Washington has played a role in that decline. Air Force Maj. Karl Wiest, a spokesperson for US Africa Command, said America has launched 87 airstrikes on al-Shabaab militants, fighting positions, and equipment since 2017. “Alongside our Somali and international partners, we are committed to preventing al-Shabaab from taking advantage of safe havens from which they can build capacity and attack innocent people,” Wiest said.
While it’s clear the terrorist group is weaker due to the military campaigns, it clearly still has the ability to launch large attacks on Kenya partly in response to the country’s AMISOM role. “By launching attacks in Nairobi, they message to Kenyan civilians that they are targets in order to encourage popular pressure on Kenyan politicians to withdraw” forces, University of Maryland terrorism expert Amy Pate said.
But that’s not all al-Shabaab has recently done. In September 2013, it attacked Nairobi’s Westgate mall in a siege that lasted roughly 80 hours. The assailants threw grenades and shot wildly at innocent shoppers, ultimately killing at least 67 people. And in April 2015, the group murdered nearly 150 students at Garissa University in northeastern Kenya in what remains the group’s deadliest strike.
It’s worth noting, though, that the group mostly attacks targets in Somalia itself. Last December, for example, a car bomb placed by an al-Shabaab militant killed at least 16 people in Mogadishu.
Al-Shabaab’s second goal is to “liberate” Muslims in the region from so-called apostate rule. Kenya, which borders Somalia, has a large Muslim and ethnic Somali population that the group feels it could free and even bring into its ranks.
Many certainly reject the group outright, of course, and al-Shabaab’s degradation over the years makes it harder to recruit those who may be on the fence about joining.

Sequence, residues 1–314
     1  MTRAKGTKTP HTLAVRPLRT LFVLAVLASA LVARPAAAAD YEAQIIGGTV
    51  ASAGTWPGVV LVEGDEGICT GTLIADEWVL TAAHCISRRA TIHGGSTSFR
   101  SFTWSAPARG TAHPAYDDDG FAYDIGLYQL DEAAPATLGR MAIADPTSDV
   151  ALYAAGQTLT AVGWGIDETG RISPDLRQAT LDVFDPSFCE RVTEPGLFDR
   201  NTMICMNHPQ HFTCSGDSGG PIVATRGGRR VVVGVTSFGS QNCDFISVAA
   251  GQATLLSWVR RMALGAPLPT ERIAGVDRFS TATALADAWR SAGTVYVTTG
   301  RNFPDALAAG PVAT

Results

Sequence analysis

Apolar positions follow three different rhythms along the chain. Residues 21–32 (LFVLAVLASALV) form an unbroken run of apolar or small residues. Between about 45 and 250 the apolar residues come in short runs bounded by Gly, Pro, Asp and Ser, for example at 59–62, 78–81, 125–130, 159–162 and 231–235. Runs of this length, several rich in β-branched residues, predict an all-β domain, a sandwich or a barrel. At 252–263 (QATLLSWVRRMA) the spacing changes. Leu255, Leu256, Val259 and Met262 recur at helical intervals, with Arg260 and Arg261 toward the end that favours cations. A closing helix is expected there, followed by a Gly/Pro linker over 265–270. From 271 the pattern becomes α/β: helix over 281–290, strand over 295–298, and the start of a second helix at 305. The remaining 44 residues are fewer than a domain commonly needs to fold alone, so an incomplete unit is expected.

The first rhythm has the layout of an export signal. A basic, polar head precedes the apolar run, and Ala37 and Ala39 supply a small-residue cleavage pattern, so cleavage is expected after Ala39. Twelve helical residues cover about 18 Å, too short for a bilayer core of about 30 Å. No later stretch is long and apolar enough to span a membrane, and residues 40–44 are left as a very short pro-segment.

So big terrorist attacks, like the one on the Nairobi complex, are a way for the group to show it’s still a powerful fighting force.
Al-Shabaab wants to prove that the African and American militaries “have not weakened or ‘degraded’ their capabilities to conduct attacks,” Hussein Sheikh-Ali, a former national security adviser for Somalia’s government, said.
The timing of the attack hints at a potential motive
Al-Shaabab’s attack makes tactical sense: Kenya is a big target for the group that it can hit relatively easily. But the timing of the attack remains a mystery.
One explanation is the most unsettling: Terrorists can strike wherever they want and when they want. They don’t particularly need an exact reason to launch an assault on a specific day — but there might be one this time around, experts say.
On Monday, a Kenyan court said three men must stand trial for their alleged roles in the Westgate mall attack more than five years ago (a fourth man was already set free). The men — Liban Abdullahi, Hussein Mustafa, and Ahmed Abdi — received charges of supporting al-Shabaab and living in Kenya illegally. They were arrested weeks after the attack.
It’s possible that al-Shabaab organized the attack to coincide with the trial’s start in an attempt to compel the court to set them free.
Regardless of the specific motive for this attack, experts warn that no matter how many times authorities count out al-Shabaab, they somehow find a way to pull off an attack and keep the fighting going.
“Al-Shabaab is in a long war,” Harun Maruf, who published a book on the group last year, tweeted on Wednesday.